Practical Technical Analysis (2006) Chapters 5-6
Chapter 5 – What is a Chart?
What is a chart?
- Bar Chart, Candlestick Chart, Line Chart, Equivolume, Point and Figure and other representations.
- Bar chart
- The closing price is displayed on the right side of the bar and the opening price is shown on the left side of the bar.
- A single bar represents one period of trading (intraday, day, week, etc.)
- Opening price – reflects Amateurs’ opinion of value.
- Closing price – reflects action Professional traders.
- Highest point of each bar – the maximum power of bulls during that bar.
- Lowest point of each bar – shows the maximum power of bears during that bar.
- Distance between high and low reveals intensity of conflict between bulls and bears.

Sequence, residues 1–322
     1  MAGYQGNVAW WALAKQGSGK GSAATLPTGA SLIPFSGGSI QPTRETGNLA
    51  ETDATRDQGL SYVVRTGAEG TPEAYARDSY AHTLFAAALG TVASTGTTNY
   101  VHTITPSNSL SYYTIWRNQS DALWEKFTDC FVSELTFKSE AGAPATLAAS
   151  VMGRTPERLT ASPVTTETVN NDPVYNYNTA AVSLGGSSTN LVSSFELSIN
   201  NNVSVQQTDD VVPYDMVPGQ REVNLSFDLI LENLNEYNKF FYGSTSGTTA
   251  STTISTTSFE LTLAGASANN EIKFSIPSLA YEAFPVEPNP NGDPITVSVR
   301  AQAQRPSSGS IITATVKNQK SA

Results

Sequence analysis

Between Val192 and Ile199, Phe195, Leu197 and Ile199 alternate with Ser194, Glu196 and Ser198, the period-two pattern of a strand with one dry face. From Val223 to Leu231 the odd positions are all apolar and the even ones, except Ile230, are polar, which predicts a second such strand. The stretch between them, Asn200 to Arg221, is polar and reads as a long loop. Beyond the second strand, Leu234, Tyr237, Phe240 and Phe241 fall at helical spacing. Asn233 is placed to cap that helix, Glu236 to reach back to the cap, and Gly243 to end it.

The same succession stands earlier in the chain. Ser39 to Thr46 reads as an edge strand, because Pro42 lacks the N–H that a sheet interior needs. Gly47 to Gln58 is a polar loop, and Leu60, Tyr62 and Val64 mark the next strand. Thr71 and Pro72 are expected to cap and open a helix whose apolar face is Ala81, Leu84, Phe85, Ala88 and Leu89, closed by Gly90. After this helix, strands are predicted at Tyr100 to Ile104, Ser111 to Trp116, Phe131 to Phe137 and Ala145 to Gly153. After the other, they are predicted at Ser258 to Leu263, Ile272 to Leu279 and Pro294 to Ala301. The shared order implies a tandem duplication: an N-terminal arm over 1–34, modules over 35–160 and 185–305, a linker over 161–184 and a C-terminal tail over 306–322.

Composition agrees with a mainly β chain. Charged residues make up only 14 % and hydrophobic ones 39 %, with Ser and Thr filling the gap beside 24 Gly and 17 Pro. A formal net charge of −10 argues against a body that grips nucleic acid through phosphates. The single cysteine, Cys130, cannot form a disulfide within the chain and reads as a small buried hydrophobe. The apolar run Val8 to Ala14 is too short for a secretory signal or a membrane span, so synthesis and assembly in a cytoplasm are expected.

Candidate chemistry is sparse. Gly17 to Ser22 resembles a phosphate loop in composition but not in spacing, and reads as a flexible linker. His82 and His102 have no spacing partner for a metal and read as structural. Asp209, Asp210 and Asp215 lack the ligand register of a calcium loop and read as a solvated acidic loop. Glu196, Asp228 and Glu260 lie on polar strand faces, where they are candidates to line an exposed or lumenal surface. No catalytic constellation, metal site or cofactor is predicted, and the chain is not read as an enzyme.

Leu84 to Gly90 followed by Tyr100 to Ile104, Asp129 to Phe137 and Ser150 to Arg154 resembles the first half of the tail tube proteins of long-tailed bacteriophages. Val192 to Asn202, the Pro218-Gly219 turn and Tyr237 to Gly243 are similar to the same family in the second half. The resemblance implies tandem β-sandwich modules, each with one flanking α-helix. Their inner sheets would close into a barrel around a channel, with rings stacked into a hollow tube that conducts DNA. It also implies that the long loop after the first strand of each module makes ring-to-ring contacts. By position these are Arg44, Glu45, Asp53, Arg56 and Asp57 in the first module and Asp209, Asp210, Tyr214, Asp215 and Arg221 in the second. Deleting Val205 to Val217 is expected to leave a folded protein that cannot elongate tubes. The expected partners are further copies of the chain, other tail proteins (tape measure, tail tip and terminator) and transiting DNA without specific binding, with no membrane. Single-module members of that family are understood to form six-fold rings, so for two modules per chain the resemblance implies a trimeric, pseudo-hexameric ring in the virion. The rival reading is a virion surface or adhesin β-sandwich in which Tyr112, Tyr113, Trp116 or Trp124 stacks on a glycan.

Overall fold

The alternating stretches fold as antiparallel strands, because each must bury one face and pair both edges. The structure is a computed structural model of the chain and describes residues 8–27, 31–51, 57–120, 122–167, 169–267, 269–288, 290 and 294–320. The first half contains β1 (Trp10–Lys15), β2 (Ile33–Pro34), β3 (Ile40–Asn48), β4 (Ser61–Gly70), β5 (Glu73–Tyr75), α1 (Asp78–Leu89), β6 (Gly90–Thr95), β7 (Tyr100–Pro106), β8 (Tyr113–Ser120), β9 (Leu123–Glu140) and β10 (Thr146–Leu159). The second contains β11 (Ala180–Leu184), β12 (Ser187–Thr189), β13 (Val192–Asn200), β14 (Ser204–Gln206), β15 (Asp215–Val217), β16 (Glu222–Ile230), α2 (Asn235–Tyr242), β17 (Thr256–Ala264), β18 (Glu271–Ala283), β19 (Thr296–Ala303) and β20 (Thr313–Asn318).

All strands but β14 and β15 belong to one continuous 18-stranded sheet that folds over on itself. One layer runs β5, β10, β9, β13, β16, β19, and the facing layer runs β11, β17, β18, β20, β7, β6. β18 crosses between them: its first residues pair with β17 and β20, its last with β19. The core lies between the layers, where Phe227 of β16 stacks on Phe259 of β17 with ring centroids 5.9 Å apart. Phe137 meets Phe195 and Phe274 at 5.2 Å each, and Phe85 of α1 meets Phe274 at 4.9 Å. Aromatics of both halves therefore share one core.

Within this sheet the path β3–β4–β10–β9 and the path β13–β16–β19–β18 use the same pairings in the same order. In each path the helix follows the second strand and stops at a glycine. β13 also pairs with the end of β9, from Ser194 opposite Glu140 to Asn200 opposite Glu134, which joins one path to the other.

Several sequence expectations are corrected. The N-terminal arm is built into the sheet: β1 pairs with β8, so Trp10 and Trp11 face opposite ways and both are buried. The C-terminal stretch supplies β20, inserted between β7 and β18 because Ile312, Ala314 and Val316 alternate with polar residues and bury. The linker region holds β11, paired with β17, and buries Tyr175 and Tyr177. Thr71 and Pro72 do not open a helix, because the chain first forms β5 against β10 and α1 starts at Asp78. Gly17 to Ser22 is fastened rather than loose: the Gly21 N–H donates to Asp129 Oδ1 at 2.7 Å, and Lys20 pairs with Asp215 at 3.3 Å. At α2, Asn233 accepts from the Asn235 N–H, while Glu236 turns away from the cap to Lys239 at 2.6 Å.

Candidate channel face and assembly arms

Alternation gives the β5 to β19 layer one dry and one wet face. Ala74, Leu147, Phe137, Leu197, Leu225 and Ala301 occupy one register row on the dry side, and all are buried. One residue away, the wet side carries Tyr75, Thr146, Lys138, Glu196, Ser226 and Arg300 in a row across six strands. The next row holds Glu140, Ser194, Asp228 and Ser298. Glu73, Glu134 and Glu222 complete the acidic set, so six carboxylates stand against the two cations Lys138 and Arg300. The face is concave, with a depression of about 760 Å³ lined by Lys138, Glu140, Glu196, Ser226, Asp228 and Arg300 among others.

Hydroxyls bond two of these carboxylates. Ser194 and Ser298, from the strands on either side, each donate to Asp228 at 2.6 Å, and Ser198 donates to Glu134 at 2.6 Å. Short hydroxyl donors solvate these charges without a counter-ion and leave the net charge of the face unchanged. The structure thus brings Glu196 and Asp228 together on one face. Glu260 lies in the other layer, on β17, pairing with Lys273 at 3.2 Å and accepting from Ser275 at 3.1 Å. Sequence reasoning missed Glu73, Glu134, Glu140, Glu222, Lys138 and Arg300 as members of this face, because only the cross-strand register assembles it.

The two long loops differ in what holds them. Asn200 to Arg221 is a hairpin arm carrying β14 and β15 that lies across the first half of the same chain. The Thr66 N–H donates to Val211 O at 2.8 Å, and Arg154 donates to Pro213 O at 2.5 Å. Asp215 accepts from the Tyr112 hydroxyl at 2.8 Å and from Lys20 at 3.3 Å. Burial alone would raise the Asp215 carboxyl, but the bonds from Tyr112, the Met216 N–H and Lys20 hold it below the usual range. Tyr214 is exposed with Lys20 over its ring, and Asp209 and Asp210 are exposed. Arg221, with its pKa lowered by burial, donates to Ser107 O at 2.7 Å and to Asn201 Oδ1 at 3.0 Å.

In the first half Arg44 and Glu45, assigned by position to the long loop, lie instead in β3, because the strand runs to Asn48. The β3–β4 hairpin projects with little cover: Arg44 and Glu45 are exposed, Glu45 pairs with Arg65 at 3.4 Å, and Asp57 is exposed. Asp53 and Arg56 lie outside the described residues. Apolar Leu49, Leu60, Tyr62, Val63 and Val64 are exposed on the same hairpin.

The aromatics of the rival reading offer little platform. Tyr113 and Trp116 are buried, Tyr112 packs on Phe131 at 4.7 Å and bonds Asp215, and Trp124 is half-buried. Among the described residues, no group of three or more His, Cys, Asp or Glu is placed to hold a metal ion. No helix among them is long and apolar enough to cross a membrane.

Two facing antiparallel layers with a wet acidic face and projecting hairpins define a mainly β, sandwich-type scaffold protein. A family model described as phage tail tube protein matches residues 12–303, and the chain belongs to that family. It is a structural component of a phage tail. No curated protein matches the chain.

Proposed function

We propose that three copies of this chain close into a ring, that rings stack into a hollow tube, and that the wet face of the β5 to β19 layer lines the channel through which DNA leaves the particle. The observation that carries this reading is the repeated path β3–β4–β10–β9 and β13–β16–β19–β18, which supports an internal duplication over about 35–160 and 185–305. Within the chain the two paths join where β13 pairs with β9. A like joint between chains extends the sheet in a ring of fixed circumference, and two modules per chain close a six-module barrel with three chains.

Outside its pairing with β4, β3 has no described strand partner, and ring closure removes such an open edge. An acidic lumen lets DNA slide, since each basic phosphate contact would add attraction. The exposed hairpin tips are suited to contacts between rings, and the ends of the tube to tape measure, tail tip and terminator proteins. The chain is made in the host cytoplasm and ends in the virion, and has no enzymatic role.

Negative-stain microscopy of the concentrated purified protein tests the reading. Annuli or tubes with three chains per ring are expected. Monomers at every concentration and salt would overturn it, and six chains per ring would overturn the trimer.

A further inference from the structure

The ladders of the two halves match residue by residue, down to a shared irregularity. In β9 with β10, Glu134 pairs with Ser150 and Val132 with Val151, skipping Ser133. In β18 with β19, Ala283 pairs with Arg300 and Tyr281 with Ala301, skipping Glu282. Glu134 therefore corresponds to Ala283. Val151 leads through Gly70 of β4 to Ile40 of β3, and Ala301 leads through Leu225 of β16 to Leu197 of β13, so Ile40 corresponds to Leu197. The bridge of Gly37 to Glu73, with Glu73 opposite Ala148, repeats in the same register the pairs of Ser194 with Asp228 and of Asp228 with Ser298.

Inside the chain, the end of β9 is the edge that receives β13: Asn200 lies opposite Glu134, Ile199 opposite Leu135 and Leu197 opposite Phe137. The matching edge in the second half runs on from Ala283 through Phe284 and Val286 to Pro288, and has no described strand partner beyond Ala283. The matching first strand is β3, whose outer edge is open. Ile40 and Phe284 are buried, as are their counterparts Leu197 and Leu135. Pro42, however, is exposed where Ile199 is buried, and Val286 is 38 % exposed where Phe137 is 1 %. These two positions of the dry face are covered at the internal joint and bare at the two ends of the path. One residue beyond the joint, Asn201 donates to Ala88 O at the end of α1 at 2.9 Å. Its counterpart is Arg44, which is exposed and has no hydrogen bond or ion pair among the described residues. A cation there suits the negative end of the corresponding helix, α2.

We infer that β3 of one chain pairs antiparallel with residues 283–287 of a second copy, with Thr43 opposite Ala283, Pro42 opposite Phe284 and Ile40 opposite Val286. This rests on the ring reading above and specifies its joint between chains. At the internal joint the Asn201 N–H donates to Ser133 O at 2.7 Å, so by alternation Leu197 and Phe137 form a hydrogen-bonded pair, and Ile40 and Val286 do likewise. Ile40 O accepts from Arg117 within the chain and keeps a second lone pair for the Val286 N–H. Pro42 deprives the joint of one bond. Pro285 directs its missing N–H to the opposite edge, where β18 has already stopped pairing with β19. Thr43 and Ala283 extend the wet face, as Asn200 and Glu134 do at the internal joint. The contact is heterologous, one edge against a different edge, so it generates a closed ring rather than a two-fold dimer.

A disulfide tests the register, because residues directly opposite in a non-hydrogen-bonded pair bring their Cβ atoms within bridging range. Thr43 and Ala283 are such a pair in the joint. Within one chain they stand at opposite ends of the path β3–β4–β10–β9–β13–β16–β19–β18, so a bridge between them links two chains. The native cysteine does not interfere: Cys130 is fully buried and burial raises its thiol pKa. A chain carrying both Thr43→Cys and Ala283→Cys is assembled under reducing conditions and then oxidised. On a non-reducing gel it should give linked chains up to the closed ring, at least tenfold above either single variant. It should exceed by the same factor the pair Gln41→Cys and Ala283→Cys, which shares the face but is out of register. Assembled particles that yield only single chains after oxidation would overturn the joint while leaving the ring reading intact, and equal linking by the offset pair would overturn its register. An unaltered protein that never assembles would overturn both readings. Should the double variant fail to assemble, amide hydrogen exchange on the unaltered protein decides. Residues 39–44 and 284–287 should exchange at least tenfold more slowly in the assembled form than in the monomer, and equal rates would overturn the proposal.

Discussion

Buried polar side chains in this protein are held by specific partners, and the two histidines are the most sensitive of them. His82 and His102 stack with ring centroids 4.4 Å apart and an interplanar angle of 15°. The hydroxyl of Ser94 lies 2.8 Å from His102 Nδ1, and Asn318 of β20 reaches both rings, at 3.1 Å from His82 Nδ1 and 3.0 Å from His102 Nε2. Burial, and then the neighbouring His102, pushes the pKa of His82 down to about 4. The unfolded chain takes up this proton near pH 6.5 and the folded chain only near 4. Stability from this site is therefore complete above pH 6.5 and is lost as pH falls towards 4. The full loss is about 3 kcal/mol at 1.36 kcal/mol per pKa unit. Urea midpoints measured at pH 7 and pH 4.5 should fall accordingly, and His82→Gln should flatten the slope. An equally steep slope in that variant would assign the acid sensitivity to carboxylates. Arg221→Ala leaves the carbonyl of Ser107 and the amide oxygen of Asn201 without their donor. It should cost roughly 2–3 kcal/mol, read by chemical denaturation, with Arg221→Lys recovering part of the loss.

Chapter 6 – Longer vs Shorter Timeframe
- Intraday, daily, weekly, monthly chart
- Can be tick, minute, hourly
- Usually used by traders for day trading or short term positions
- Daily & Weekly
- More commonly used in Singapore for position trading/investments
- 5 daily bars equal 1 bar in weekly chart
- Timeframe reflects the mindset of investors
- Weekly chart shows mindset of long-term investors
- Daily chart shows short-term/mid-term investors
- Because of the lack of liquidity in some SGX stocks, it may be worthwhile to look at weekly chart
- Markets exist in different time simultaneously.
- May look like a buy on a daily chart, but a sell on a weekly chart. The signals in different timeframes of the same market may contradict one another.
- Which of them should you follow?
- When in doubt, step back and examine the charts in a timeframe that is larger than the one you are trying to trade.
- When professionals are in doubt, they look at the big picture but amateurs focus on the short-term charts.
- Double screen trading.